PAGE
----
Ultimate Youth Worker Podcast

Podcast 008: How do I become a youth worker?

Ultimate Youth Worker Podcast
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How to become a youth worker

Our podcast this week is an audio version of our blog post “How do I become a youth worker“? Over the years we have had hundreds of people speak to us, email us, message us on Facebook and even get their parents to reach out to us to ask us the best way to become a youth worker. Honestly, I get asked this question so much that I have decided to put it into a podcast for prosperity sakeā€¦ and so I had somewhere to point people when they ask. I say this so often it has become a bit of a spiel so stay with me and by the end you will have a clear guide on how to become a youth worker.

It is small easy steps that help you to become a youth worker. All you have to do is:

  1. Why do you want to become a youth worker?
  2. Understand your values
  3. Know what type of youth work you want to do
  4. Volunteer
  5. Read
  6. Go to training
  7. Network
  8. Get an education
  9. Make the most of placement opportunities
  10. and never ever stop learning.

Take this list and work through all the tips and we guarantee you will become an awesome youth worker. It is a process. You need to take little steps in the right direction.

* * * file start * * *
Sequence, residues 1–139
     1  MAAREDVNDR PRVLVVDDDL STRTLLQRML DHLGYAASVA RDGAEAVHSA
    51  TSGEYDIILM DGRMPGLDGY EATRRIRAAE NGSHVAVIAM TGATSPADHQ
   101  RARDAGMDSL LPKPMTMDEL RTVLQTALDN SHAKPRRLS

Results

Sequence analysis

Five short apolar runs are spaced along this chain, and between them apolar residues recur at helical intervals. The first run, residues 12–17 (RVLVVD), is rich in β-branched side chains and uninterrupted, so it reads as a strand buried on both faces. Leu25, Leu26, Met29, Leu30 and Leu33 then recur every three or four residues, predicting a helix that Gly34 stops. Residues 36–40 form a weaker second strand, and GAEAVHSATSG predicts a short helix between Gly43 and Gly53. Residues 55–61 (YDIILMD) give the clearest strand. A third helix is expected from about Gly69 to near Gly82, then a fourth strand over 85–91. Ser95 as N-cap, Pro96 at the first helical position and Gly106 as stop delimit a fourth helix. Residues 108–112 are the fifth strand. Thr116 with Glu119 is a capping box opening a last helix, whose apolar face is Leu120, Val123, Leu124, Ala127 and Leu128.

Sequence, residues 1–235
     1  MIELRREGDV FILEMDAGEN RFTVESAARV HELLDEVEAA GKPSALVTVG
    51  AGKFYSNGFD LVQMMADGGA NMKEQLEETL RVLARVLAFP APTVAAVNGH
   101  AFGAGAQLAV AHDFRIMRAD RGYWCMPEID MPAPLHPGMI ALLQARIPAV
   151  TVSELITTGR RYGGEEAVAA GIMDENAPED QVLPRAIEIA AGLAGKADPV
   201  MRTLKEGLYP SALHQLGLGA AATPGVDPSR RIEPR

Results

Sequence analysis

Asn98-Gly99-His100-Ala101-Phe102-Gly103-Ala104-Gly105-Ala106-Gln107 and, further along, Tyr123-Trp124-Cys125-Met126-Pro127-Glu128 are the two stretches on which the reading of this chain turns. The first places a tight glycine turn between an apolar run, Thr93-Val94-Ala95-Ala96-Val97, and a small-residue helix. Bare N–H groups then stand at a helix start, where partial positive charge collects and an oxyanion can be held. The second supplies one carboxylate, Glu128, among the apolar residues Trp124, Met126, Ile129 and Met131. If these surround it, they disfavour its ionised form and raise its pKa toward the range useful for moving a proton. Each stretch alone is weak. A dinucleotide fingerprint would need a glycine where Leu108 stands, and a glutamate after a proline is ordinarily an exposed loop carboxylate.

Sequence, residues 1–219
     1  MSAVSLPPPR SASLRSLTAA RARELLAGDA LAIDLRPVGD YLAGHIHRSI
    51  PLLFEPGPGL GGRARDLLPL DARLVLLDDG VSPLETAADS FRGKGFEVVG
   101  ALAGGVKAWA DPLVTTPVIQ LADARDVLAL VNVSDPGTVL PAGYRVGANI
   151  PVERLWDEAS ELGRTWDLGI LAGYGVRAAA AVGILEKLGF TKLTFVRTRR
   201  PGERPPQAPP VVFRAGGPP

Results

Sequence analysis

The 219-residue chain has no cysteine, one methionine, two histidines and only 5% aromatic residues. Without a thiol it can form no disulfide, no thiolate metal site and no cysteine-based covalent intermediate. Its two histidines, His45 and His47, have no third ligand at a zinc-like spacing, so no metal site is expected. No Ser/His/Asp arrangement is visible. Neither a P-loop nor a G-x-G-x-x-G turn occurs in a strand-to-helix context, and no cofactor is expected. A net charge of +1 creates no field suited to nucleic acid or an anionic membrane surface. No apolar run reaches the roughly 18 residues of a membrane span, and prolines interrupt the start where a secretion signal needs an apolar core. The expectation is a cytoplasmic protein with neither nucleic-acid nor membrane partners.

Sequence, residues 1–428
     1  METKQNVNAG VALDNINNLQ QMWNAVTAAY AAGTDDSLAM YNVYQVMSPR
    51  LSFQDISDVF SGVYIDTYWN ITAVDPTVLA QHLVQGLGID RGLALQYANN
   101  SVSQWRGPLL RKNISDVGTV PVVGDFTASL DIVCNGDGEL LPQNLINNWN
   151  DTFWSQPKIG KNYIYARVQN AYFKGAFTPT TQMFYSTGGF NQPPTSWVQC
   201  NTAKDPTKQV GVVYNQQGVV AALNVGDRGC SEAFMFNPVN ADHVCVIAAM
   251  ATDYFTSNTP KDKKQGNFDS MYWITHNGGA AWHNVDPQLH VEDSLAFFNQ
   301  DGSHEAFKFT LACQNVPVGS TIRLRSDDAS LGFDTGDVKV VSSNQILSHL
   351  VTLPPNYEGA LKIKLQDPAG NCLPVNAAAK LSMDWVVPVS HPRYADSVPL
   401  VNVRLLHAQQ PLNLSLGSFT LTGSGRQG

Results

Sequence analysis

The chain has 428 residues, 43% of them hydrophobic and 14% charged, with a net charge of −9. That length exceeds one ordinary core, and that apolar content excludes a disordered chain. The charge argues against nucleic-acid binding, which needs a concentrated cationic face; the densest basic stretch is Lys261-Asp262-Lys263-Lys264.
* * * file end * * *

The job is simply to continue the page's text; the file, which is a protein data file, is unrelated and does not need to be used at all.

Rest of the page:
If you really want to be a solid youth worker that has some career longevity then starting right and getting some support while you do this is so important. Get a person who can mentor you through this process. Someone who has been in the sector for at least five years. When you finally become a youth worker get some good supervision and work for agencies that will look out for you.

Help us keep the podcast going by donating a few dollars to the running costs.

Do you think we missed anything???

Let us know what we need to add by emailing us.

Aaron Garth

Aaron Garth is the Executive Director of Ultimate Youth Worker. Aaron has worked as a youth worker in a number of settings including local church, street drug and alcohol outreach, family services, residential care, local government and youth homelessness since 2003. Aaron is a regular speaker at camps, retreats, & youth work training events and is a dedicated to seeing a more professional youth sector in Australia. Aaron is a graduate of RMIT University and an alumnus of their youth work program. He lives in Melbourne with his wife Jennifer & their daughters Hope, Zoe, Esther, Niamh and son Ezra.